The oesophagus is a sensitive organ. The lining will tend to be irritated by prolonged exposure to stomach acid, and to a lesser extent by fermenting food, depending on what you have eaten. This is because it is different from the lining of the stomach which is designed to withstand the effect of the strong acid that is part of a healthy digestive system.

Heartburn is a pain in the chest area, normally caused by the effect of reflux of acid from the stomach itself, but it is a feeling that can have a variety of causes. Heartburn is a common complaint, normally treated with over-the-counter indigestion remedies like Gaviscon, Rennies or Tums. If heartburn is persistent for more than three weeks you should consult your doctor. Long term reflux can be a significant health problem.




Achalasia can result in pills remaining stuck in your oesophagus rather than being dispersed into your system through your stomach. This might cause damage to the sensitive lining of your oesophagus as well as the loss of the intended benefit of the medication. A GP or pharmacist can be asked about whether medication can be prescribed in liquid form to reduce this risk.

Food residue can sometimes flow upwards and find its way into your lungs, especially when you are lying down. This can be a serious health issue. You may find it helpful to raise your head and shoulders with pillows, raising part of the mattress of your bed or even considering a bed with adjustable settings.

Food residue that flows up your oesophagus and into your lungs can cause infections and pneumonia.

Being unable to swallow food can lead to a lack of strength and energy. It can be helpful to ask for your levels of vitamins and minerals to be tested.

Achalasia is a long-term condition that, for some, can affect your quality of life and destroy the pleasure of eating. Some people find relaxation techniques helpful in reducing anxiety and tension.


Complementary Therapies


Reflux around the vocal cords can lead to your voice being affected.

How many people have achalasia?

Achalasia is rare, and statistics are not precise. The number of people diagnosed each year (incidence) is similar in most countries, and is estimated as between 0.7 to 1.6 per 100,000 inhabitants per year. The UK population of 66.8 million would therefore, in theory, generate between 467-1,069 diagnoses annually. The prevalence (number of people continuing to be affected by the condition after diagnosis) is regarded internationally as about 10 in 100,000 and is estimated by the NHS to be around 6,000 in the UK.

The latest high-resolution manometry techniques may be contributing to more cases being diagnosed.

How old are those with achalasia?

It is most common between the ages of 30 and 60 years, but it can develop at any age. Some young children are diagnosed with achalasia, and, rarely, it can be present from birth.

A study found only 228 UK children under 16 years diagnosed with achalasia in a 10-year period until 2008 but with a rise in the annual rate within that decade.

What causes achalasia?

The muscles within the oesophagus that perform peristalsis are normally automatically controlled by a complex, interlinked system of nerve cells, or neurons. Some of these are inhibitory, some excitatory according to whether they suppress muscle activity or start it. Achalasia is related to the degeneration and malfunctioning of a specific type of nerve cell called ganglia that send signals to the brain to operate the muscles. The loss of function of these neurons impairs the normal motility (the passage of food through the digestive system) of the oesophagus and dilation of the LOS – resulting in an oesophagus that cannot channel food into the stomach properly.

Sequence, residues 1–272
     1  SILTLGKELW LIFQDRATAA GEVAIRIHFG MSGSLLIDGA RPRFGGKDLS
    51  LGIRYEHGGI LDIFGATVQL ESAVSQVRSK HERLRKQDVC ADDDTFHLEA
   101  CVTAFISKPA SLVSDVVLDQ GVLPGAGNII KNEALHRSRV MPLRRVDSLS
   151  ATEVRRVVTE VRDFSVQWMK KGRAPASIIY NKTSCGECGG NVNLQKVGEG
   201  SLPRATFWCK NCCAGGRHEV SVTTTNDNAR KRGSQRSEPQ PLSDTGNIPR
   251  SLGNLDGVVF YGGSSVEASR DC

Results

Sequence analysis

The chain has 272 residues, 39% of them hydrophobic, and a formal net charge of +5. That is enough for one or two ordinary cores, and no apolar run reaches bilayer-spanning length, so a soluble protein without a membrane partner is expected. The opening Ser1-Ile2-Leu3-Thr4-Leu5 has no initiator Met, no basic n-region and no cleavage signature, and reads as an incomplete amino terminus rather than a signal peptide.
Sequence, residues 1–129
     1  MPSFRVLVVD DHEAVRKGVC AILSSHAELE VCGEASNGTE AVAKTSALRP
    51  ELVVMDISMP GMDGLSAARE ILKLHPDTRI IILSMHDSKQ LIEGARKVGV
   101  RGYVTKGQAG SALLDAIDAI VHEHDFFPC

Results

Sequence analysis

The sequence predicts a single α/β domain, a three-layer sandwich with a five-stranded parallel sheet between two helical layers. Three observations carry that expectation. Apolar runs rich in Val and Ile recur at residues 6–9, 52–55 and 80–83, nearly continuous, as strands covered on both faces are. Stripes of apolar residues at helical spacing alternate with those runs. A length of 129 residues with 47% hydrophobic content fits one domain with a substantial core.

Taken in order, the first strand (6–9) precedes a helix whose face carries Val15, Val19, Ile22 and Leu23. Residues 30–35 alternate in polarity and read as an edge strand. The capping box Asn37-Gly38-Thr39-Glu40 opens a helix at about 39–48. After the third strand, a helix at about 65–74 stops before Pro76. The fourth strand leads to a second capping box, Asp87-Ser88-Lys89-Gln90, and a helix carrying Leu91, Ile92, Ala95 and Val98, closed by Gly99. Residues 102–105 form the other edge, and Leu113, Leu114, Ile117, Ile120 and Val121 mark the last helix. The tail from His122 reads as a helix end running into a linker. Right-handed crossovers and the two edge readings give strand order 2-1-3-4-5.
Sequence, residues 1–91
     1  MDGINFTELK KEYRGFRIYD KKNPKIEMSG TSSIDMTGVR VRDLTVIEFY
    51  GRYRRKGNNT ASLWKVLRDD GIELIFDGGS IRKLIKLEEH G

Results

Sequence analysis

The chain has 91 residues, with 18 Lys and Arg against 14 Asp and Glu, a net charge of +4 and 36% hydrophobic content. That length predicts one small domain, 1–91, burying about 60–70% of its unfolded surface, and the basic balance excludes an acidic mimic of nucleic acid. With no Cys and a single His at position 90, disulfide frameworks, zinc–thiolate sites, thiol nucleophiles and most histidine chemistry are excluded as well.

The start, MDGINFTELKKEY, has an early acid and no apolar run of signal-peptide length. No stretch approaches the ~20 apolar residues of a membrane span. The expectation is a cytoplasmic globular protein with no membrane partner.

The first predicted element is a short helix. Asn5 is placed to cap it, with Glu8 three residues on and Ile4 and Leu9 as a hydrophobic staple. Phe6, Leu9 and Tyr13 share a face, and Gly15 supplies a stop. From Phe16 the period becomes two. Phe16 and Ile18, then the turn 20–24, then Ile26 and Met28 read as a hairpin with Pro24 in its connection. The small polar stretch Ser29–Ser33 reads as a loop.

The causes of the degeneration of these nerves and therefore of achalasia are not clear, and research into the causes of achalasia has so far been inconclusive. They are likely to be different for individuals.

It is believed that infections from the varicella zoster virus (linked with chicken pox and shingles) or a side effect from measles may be contributory factors.

Is achalasia an auto-immune disease?

Achalasia is sometimes described as an auto-immune disease, meaning that the body’s immune system may have started to react differently. There may be occasional cases of achalasia that may be associated with auto-immune disease, or occur in patients who already have auto-immune diseases. As far as we understand it, this is not of the scale of some other conditions which are actually autoimmune in aetiology (how they are caused), and where, for instance, treatment would entail prescribing immune-suppressant drugs or steroids.

Furthermore this does not normally mean that if you have achalasia your immunity from general infections is affected.

Is there a genetic link?

There can sometimes be a genetic predisposition. Children with Down syndrome are more likely to experience achalasia. Sometimes there is an association with other gastric disorders such as delayed gastric emptying.

Chagas Disease

One disease that can be similar to achalasia and leads to the same changes in the oesophagus is Chagas disease, caused by the triatomine bug, which can carry the trypanosoma cruzi parasite. The disease affects around 6-7 million people worldwide, mostly in Latin America, and can cause cardiac and sometimes digestive complications as well. Some people believe that Charles Darwin suffered from Chagas disease, but his symptoms apparently started before his voyage on the Beagle started.

What is pseudoachalasia?

Pseudoachalasia is a term given to describe symptoms that are very similar to achalasia, but the lack of peristalsis is caused by an obstruction such as a gastric band or a tumour near the LOS.

"Hot and very cold liquids set off uncomfortable spasm pains. Adjusting what I drink has helped me get on with my everyday life"

See how Achalasia can be treated